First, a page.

KM: What kind of impact is COVID-19 having on the Australian franchise industry, and how well supported do you believe the industry is by the government in these challenging times?

MA: The unprecedented business restrictions and social distancing measures implemented to combat the spread of COVID-19 have left many businesses unable to trade or needing to make a significant change to their business model to survive.

Those businesses who are still able to operate are in many, many cases confronted with a severe drop in revenue which makes the daily review of staffing, stock levels, and cash flow an imperative for survival.

“The FCA has welcomed government initiatives to support businesses, but has called on commercial landlords and delivery platforms to share the financial burden”

The FCA has welcomed government initiatives to support businesses but has called on commercial landlords and delivery platforms to share the financial burden, especially in the hard-hit food retail and hospitality sector.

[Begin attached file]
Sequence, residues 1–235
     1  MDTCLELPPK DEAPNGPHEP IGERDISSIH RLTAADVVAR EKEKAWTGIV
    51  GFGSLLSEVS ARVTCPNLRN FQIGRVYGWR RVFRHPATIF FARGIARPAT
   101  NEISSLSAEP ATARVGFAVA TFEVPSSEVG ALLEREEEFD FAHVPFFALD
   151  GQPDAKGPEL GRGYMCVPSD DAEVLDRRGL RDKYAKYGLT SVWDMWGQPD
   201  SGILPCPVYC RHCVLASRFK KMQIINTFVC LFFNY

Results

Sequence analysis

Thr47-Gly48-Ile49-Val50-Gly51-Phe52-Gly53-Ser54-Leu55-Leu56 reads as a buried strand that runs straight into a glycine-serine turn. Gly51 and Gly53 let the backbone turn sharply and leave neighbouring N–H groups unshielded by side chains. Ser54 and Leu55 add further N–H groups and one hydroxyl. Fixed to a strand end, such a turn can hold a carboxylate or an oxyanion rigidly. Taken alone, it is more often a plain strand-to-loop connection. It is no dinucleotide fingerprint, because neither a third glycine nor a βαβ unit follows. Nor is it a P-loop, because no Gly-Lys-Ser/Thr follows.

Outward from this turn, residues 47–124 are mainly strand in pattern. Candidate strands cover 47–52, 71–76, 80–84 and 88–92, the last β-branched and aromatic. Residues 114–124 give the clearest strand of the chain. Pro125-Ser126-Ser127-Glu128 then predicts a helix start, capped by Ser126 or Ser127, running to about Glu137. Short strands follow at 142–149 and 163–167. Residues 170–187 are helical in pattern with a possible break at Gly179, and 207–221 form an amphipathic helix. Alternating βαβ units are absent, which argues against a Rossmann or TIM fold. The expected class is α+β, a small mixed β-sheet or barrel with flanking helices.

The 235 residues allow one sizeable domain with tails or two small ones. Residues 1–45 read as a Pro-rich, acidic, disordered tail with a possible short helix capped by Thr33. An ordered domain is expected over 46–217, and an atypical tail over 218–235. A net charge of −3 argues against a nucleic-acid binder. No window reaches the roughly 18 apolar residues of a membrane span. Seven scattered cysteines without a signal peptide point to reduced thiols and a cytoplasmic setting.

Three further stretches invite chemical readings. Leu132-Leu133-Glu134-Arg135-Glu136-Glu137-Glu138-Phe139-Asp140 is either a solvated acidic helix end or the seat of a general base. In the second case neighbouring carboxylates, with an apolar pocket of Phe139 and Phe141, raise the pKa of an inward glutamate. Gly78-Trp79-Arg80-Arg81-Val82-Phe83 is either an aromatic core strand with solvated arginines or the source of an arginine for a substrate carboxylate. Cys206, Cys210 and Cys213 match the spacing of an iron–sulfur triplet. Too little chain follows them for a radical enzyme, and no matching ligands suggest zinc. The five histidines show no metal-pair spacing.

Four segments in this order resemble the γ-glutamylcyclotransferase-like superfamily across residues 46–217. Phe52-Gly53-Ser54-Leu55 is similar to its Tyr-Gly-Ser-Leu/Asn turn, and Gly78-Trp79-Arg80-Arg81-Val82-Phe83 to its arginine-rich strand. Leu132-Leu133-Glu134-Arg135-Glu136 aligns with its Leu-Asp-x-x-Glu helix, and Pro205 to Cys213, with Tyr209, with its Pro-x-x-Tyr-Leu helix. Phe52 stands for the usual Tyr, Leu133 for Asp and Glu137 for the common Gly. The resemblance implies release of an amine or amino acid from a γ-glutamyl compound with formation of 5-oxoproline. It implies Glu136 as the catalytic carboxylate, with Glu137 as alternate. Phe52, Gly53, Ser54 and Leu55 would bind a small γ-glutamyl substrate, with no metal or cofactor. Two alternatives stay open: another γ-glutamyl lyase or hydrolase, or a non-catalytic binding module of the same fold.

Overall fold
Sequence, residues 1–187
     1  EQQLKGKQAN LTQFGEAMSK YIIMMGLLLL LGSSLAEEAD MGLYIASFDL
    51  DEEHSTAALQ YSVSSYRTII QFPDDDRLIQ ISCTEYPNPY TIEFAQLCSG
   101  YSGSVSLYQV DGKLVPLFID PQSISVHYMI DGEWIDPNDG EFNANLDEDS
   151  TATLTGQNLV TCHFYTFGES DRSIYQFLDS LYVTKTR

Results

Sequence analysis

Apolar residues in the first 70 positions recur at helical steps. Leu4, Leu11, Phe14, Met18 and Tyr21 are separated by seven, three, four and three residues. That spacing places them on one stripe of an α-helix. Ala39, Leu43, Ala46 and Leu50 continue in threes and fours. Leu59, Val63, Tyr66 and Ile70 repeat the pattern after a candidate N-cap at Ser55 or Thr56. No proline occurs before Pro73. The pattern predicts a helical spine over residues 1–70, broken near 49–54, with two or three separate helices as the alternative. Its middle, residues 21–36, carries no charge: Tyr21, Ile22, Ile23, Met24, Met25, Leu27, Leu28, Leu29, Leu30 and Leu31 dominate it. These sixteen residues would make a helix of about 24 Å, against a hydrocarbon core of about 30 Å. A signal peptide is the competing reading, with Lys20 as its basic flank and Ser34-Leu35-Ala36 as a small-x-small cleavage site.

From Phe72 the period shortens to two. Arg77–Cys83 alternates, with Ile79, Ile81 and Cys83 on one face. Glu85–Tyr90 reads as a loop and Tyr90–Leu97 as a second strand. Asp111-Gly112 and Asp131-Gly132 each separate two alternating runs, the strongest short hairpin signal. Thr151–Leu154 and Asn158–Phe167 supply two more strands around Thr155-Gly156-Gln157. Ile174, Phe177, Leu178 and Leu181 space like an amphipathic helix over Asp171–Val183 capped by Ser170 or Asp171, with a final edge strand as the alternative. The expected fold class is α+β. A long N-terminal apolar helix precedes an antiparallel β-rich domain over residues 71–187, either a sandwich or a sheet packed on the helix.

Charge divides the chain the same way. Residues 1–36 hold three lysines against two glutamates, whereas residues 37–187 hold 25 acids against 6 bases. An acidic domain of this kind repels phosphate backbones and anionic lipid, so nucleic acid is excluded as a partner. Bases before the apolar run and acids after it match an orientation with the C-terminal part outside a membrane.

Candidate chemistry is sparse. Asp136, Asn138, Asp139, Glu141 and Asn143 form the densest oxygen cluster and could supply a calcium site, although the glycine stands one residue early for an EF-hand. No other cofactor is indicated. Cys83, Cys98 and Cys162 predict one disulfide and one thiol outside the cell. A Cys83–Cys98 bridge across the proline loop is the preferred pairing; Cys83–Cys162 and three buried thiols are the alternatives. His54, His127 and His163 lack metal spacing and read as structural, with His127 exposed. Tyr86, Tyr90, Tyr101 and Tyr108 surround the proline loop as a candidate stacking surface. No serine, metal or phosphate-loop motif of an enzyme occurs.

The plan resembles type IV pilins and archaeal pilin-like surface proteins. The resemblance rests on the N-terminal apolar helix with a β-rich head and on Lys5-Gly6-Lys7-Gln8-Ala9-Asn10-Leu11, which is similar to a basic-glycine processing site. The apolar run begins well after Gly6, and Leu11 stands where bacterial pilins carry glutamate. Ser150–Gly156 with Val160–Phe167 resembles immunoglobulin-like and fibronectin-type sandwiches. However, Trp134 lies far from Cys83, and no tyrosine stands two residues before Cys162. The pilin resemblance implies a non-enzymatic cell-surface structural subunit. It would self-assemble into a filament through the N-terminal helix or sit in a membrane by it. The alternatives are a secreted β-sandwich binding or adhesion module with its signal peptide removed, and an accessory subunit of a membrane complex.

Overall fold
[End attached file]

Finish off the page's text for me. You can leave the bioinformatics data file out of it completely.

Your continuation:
KM: Outside of extenuating circumstances such as now, what kinds of concepts or industries perform particularly well within Australia, and are there any regional adaptations that incoming franchisors from overseas would need to be mindful of when positioning their marketing or offering?

MA: Australia has a long history of proving to be a successful marketplace for franchise brands looking to expand internationally across a wide range of sectors including quick-service restaurants, gyms and couriers and logistics services to name a few.

However, any franchisor looking to expand to Australia, like any other country, would be well advised to conduct their market research before making the decision to commence operations.

“Franchisors need to understand the regulatory landscape in Australia and adjust their business models accordingly”

Similarly, franchisors need to understand the regulatory landscape in Australia and adjust their business models accordingly to ensure compliance across a wide range of areas, including Australia’s mandatory Franchising Code of Conduct, various employment laws and more.

KM: How friendly is the Australian landscape for franchising as a business model, and do any regulations hamper or help business development?

MA: Franchising has been a very successful model of conducting business in Australia over the long term. Indeed, prior to COVID-19, franchising has been a $184bn business segment, which includes 1,344 networks, with more than 98,000 individual franchised outlets, employing more than 598,000 people.